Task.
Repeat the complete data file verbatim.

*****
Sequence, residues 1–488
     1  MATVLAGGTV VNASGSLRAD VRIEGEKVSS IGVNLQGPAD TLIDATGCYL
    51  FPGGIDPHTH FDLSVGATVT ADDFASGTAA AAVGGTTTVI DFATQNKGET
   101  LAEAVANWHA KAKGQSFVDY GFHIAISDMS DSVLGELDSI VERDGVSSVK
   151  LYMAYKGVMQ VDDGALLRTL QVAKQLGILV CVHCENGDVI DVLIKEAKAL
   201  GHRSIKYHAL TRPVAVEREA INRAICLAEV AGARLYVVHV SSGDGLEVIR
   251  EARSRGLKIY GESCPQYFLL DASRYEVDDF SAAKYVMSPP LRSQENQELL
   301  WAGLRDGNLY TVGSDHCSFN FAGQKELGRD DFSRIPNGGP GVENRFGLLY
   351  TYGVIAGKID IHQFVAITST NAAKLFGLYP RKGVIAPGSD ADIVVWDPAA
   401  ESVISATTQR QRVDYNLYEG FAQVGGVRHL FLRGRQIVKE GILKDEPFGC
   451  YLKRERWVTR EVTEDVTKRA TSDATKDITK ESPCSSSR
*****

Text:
Sequence, residues 1–488
     1  MATVLAGGTV VNASGSLRAD VRIEGEKVSS IGVNLQGPAD TLIDATGCYL
    51  FPGGIDPHTH FDLSVGATVT ADDFASGTAA AAVGGTTTVI DFATQNKGET
   101  LAEAVANWHA KAKGQSFVDY GFHIAISDMS DSVLGELDSI VERDGVSSVK
   151  LYMAYKGVMQ VDDGALLRTL QVAKQLGILV CVHCENGDVI DVLIKEAKAL
   201  GHRSIKYHAL TRPVAVEREA INRAICLAEV AGARLYVVHV SSGDGLEVIR
   251  EARSRGLKIY GESCPQYFLL DASRYEVDDF SAAKYVMSPP LRSQENQELL
   301  WAGLRDGNLY TVGSDHCSFN FAGQKELGRD DFSRIPNGGP GVENRFGLLY
   351  TYGVIAGKID IHQFVAITST NAAKLFGLYP RKGVIAPGSD ADIVVWDPAA
   401  ESVISATTQR QRVDYNLYEG FAQVGGVRHL FLRGRQIVKE GILKDEPFGC
   451  YLKRERWVTR EVTEDVTKRA TSDATKDITK ESPCSSSR